Over the past five years, an average of nearly 27 million people have been displaced annually by natural hazard-related disasters.
It has long been recognized that the effects of climate change will displace people and that most of this displacement will be within national borders. The Intergovernmental Panel on Climate Change’ very first report from 1990 stated that the greatest single impact of climate change may be on human migration. The report estimated that by 2050, 150 million people could be displaced by desertification, water scarcity, floods, storms and other climate change-related disasters. Scholars, practitioners and researchers have generally accepted the fact that climate change will result in large-scale movements of people and that developing states will bear the greatest costs. Indeed, the socio-economic impacts of climate change may further limit access to human rights as well as the implementation of the Millennium Development goals and human security. The effects of climate change also have the potential to trigger or exacerbate tension, conflict and violence thus leading to displacement.
The UN General Assembly’s resolution 64/162 of December 2009 recognized natural disasters as a cause of internal displacement and raised concerns that climate change could exacerbate the impact of both sudden- and slow-onset disasters, such as flooding, mudslides, droughts, or violent storms. In 2010, the Conference of the Parties to the United Nations Framework Convention on Climate Change recognized that mobility – migration, displacement and planned relocations – is an important form of adaptation to climate change. In its “Cancun Adaptation Framework,” it invites all parties to go further in understanding, coordinating and cooperating on climate change-induced displacement, migration and planned relocation, where appropriate, at national, regional and international levels.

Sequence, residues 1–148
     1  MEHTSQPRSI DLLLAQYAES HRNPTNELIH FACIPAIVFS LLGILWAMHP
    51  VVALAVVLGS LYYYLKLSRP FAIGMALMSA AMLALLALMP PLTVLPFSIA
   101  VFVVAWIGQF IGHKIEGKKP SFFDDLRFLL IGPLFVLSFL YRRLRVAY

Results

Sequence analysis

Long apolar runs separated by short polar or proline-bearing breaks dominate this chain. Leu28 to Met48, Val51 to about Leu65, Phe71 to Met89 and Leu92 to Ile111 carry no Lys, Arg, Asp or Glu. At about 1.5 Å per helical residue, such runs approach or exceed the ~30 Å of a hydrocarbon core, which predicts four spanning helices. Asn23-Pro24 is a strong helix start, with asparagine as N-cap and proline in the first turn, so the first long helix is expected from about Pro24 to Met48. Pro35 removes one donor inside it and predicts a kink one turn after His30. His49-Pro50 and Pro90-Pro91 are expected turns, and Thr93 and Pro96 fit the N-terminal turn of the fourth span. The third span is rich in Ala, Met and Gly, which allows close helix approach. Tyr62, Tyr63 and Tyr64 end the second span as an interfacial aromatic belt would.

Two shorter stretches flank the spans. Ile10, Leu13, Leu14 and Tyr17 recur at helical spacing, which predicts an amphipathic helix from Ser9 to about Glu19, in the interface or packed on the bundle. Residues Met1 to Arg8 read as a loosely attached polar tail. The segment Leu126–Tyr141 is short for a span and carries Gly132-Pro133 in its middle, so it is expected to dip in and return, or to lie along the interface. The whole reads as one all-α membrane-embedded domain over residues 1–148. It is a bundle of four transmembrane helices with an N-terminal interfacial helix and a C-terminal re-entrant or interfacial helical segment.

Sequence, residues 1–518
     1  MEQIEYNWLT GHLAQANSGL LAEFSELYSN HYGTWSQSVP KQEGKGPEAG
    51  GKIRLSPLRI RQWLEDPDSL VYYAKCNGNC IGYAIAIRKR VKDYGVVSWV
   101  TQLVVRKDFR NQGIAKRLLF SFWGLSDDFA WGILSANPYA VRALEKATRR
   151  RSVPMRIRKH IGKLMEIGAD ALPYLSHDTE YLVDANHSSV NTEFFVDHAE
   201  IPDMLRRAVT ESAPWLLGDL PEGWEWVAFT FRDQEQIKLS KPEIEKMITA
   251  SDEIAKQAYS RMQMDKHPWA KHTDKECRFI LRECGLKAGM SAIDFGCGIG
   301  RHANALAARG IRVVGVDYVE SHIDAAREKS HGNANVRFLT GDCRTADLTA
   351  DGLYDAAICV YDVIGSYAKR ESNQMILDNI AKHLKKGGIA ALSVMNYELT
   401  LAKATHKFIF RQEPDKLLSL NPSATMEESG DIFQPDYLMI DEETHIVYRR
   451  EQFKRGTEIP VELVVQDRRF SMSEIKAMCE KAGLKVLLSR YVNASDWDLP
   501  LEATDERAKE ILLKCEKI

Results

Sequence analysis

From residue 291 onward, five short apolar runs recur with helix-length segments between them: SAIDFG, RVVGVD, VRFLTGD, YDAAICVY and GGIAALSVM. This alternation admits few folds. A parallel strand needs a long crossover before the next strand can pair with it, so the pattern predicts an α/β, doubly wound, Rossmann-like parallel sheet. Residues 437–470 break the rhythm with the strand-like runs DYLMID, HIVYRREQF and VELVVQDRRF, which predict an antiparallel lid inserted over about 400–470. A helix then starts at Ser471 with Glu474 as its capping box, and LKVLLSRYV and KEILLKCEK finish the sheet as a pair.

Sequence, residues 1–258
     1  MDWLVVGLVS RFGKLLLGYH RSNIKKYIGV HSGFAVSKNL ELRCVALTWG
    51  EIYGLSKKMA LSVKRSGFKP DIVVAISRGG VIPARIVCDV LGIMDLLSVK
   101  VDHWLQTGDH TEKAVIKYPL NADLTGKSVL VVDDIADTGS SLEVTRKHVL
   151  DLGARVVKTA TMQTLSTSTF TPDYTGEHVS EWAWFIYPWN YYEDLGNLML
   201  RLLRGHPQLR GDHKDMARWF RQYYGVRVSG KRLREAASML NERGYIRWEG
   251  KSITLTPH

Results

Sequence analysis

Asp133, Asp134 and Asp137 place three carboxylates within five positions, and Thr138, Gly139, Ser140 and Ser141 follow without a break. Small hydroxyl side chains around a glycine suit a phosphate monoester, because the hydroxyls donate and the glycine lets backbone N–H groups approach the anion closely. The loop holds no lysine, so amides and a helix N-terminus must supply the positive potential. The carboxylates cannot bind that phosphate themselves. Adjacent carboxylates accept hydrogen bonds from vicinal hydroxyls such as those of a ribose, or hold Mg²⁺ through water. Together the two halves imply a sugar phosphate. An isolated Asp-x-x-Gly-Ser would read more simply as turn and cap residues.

This report is adapted from the August 2011 report to the Secretary-General by the Special Rapporteur on the human rights of internally displaced people, Chaloka Beyani. It explores the linkages between climate change and internal displacement from a human rights perspective. Drawing on the 1998 Guiding Principles on Internal Displacement, the report highlights key principles, concepts, and complexities around the issue and makes recommendations for future action.
If Trump and his group hoped that this kind of tough talk would make the North Koreans nervous, and make them come back with their tail between their legs — no, that’s just not the way they work. This is a stupid move. By pushing North Korea away, in such an in-your-face way, he’s pushing them to work separately with the South Koreans and the Chinese.